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edition (1892), with still later additions and corrections communicated by the author in manuscript. The translator has followed the original faithfully but not slavishly. He has not felt free to modify Professor Falckenberg's expositions, even in the rare cases where his own opinions would have led him to dissent, but minor changes have been made wherever needed to fit the book for the use of English-speaking students. Thus a few alterations have been made in dates and titles, chiefly under the English systems and from the latest authorities; and a few notes added in elucidation of portions of the text. Thus again the balance of the bibliography has been somewhat changed, including transfers from text to notes and vice versa and a few omissions, besides the introduction of a number of titles from our English philosophical literature chosen on the plan referred to in the preface to the first German edition. The glossary of terms foreign to the German reader has been replaced by a revision and expansion of the index, with the analyses of the glossary as a basis. Wherever possible, and this has been true in all important cases, the changes have been indicated by the usual signs.

The translator has further rewritten Chapter XV., Section 3, on recent British and American Philosophy. In this so much of the author's (historical) standpoint and treatment as proved compatible with the aim of a manual in English has been retained, but the section as a whole has been rearranged and much enlarged.

The labor of translation has been lightened by the example of previous writers, especially of the translators of the standard treatises of Ueberweg and Erdmann. The thanks of the translator are also due to several friends who have kindly aided him by advice or assistance: in particular to his friend and former pupil, Mr. C. M. Child, M.S., who participated in the preparation of a portion of the translation; and above all to Professor Falckenberg himself, who, by his willing sanction of the work and his co-operation throughout its progress, has given a striking example of scholarly courtesy.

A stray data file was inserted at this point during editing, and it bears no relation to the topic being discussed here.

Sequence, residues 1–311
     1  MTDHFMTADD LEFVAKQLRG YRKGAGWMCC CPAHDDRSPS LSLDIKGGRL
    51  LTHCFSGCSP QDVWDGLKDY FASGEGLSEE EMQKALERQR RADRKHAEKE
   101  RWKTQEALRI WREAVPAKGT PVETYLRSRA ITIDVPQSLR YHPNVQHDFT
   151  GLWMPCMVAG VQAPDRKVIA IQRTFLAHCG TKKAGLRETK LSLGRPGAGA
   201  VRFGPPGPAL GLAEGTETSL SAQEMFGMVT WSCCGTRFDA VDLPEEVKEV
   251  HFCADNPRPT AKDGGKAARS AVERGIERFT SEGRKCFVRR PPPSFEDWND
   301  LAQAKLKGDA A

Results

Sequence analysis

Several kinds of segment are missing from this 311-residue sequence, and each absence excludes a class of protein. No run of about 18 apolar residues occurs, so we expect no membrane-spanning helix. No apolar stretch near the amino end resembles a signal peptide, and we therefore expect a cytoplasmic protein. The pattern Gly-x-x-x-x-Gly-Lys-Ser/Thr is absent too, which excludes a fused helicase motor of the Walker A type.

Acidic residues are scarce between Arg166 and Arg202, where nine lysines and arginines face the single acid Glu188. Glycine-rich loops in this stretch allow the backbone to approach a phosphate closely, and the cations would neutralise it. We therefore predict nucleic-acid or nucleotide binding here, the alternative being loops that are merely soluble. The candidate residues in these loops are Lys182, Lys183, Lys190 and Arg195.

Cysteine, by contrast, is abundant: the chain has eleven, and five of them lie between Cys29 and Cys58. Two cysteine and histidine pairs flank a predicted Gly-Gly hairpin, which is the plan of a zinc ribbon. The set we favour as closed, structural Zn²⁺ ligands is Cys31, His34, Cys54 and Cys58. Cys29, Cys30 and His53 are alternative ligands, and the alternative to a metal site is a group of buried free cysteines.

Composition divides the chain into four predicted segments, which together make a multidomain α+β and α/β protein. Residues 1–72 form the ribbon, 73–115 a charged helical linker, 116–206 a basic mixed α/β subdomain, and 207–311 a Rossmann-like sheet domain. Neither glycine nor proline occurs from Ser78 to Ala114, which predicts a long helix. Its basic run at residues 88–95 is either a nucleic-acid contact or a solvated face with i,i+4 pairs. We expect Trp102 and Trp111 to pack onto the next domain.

A. C. A., Jr. WESLEYAN UNIVERSITY, June, 1893.

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PREFACE TO THE FIRST GERMAN

EDITION.

SINCE the appearance of Eduard Zeller's Grundriss der Geschichte der griechischen Philosophie (1883; 3d ed. 1889) the need has become even more apparent than before for a presentation of the history of modern philosophy which should be correspondingly compact and correspondingly available for purposes of instruction. It would have been an ambitious undertaking to attempt to supply a counterpart to the compendium of this honored scholar, with its clear and simple summation of the results of his much admired five volumes on Greek philosophy; and it has been only in regard to practical utility and careful consideration of the needs of students-concerning which we have enjoyed opportunity for gaining accurate information in the review exercises regularly held in this university—that we have ventured to hope that we might not fall too far short of his example.